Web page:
Why chief ministers should spare a thought for Karunanidhi while hoisting the tricolor on Independence Day

Chief ministers are hoisting the national flag on Independence Day, thanks to the efforts of Dravidian stalwart Muthuvel Karunanidhi.

ByVinodh Arulappan

Published Aug 15, 2023 | 6:00 AMUpdatedAug 15, 2023 | 7:49 AM

Why chief ministers should spare a thought for Karunanidhi while hoisting the tricolor on Independence Day

On 15 August, 1974, Tamil Nadu’s then chief minister Muthuvel Karunanidhi created history by hoisting the national tricolour, celebrating India’s independence.

It also marked the partial success of his movement, Maanilathil Suyatchi, Mathiyil Kootatchi (Autonomy for States, Federalism at the Centre), which he launched in Trichy four years ago. Till 1973, only Governors hoisted the national flag on both Independence and Republic days.

During his first term as the chief minister between 1969 and 1971 after the death of CN Annadurai, he held a conference in Trichy, which coined the slogan, Maanilathil Suyatchi, Mathiyil Kootatchi.

In May 1971, the Rajamannar Commission constituted by the DMK government in 1969, submitted its report to Karunanidhi. The commission was asked to examine the Centre-state relations.

Karunanidhi, who ascended to power for the second time in 1971, battled for the state’s autonomy.

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Letter to Indira Gandhi

In February 1974, during the launch of a book on state autonomy, Karunanidhi pointed out that chief ministers were ignored on Independence Day and Republic Day. He said when the prime minister hoisted the national flag, the chief ministers were denied that privilege.

Karunanidhi wrote to the then prime minister Indira Gandhi, citing the different practices being followed in Delhi and other states. He said that on Republic Day, the President unfurled the tricolour and on Independence Day it was the prime minister. He told Gandhi that chief ministers should have the opportunity to unfurl the tricolor on Independence Day.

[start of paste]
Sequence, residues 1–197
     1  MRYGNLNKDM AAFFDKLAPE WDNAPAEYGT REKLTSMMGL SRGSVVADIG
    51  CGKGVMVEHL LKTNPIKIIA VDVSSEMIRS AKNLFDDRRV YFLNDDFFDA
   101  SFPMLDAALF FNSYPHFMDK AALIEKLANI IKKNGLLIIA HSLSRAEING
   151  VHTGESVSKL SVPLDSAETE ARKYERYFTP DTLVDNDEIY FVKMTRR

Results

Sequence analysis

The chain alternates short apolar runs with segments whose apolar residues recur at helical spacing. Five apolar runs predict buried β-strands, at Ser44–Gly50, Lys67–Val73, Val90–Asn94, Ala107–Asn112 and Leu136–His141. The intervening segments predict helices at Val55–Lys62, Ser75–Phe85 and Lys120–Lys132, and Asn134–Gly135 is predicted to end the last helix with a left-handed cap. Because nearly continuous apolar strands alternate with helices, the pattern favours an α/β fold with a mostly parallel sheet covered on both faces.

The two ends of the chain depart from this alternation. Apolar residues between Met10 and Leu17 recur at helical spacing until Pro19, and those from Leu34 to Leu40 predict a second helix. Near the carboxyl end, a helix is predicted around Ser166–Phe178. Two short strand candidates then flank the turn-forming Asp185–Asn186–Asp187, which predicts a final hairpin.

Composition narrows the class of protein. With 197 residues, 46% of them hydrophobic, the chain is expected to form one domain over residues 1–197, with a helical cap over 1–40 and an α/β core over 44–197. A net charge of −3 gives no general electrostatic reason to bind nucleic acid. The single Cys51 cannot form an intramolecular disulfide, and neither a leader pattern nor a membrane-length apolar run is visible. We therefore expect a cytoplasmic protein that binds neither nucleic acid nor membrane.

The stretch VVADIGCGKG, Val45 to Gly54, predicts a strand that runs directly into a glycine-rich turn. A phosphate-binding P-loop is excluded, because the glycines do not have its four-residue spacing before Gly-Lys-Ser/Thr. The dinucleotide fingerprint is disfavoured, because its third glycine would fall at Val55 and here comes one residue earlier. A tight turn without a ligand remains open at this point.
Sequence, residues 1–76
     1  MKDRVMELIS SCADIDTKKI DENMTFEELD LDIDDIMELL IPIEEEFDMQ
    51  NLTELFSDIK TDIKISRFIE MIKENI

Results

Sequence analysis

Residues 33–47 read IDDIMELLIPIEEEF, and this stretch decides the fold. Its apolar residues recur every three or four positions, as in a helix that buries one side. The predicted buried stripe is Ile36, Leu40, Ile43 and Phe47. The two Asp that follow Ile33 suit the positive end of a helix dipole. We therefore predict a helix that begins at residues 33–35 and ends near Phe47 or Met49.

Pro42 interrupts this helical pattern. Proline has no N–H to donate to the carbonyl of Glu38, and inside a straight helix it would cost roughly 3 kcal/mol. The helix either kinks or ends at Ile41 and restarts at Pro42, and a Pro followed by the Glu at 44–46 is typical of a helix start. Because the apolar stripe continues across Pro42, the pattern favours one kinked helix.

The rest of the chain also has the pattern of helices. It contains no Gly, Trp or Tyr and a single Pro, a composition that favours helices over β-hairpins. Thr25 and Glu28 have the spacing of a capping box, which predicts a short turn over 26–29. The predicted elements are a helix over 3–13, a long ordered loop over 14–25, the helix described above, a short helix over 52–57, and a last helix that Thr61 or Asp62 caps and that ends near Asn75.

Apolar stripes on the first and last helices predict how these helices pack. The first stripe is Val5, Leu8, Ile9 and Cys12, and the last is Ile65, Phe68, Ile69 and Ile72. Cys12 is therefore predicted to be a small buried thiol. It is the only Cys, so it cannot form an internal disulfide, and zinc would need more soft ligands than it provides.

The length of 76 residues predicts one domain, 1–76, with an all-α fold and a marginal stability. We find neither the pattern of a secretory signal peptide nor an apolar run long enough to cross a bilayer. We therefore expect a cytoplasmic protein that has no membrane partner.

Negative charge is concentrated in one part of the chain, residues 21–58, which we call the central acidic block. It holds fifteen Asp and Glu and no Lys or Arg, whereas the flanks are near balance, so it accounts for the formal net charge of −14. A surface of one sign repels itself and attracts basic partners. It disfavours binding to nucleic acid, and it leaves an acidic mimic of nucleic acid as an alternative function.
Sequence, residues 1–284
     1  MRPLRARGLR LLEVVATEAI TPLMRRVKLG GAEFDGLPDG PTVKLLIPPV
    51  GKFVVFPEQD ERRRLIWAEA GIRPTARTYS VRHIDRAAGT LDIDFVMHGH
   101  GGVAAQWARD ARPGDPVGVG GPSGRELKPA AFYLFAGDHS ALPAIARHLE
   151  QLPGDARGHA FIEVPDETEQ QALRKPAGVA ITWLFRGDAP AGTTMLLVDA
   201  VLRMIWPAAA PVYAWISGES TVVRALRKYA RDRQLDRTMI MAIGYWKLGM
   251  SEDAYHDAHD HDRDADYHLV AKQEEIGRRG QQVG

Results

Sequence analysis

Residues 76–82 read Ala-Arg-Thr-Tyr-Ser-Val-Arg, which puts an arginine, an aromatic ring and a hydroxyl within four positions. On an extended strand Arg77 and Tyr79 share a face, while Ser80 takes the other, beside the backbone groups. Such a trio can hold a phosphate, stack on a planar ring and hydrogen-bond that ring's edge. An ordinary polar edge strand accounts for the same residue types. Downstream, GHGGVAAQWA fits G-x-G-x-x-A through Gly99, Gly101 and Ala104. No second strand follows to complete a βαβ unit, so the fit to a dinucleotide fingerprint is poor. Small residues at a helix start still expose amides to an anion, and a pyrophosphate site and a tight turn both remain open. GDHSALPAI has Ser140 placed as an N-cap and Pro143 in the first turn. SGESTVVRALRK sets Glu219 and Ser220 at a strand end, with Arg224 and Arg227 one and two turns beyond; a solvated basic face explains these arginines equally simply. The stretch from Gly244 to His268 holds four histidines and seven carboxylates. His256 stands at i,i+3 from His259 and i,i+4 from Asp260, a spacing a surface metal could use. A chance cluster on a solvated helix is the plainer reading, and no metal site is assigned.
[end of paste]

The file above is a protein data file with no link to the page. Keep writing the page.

In July last week, Karunanidhi’s suggestion was accepted and a communication to this effect was sent to all state governments.

On 15 August, 1974, Karunanidhi unfurled the national flag at St George Fort even as other chief ministers hoisted the tricolor in their respective state capitals.

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Nenjukku Needhi

In his autobiography, Nenjukku Needhi (Justice for the Heart) Karunanidhi remembered his efforts in convincing the Union government to allow chief ministers to hoist the national flag.

“Every year, on 15 August, it was a practice that the Governor would hoist the national flag at the state secretariat. It was due to my repeated efforts in writing letters to Delhi (Union government) and repeatedly raising the issue in person as to why democratically-elected chief ministers should not be given this right that it was decided that governors will unfurl the national flag on Republic Day and chief ministers will hoist the national flag on Independence Day,” he wrote.

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Karunanidhi and national flag

In the early 1970s, when Karunanidhi was the chief minister he wanted a separate flag for Tamil Nadu. On 27 August, 1970, he displayed the design of the flag. He had designed the flag.

M Karunanidhi displaying the design of the Tamil Nadu flag. (Supplied)

The proposed Tamil Nadu flag was in grey, and had the Indian flag in one-quarter, while the main space featured the state emblem, a temple tower, symbolising the Tamil culture.

N Arumuga Naiyanar, a senior DMK functionary, said that initially there were many suggestions made to Thalaivar (Karunanidhi) to incorporate the Mooventhar (Chera, Chola, and Pandiyas) symbols, the bow and arrow, tiger, and the fish, respectively.

“But Kalaignar was particular about incorporating the Indian flag,” he said.

“Kalaingar was so keen on the state’s autonomy and wanted to give a befitting reply to allegations of ‘separatism’ against the DMK. He always respected the national flag. If chief ministers are hoisting the tricolor on Independence Day, It is the result of the Dravidian stalwart Karunanidhi’s efforts,” he added.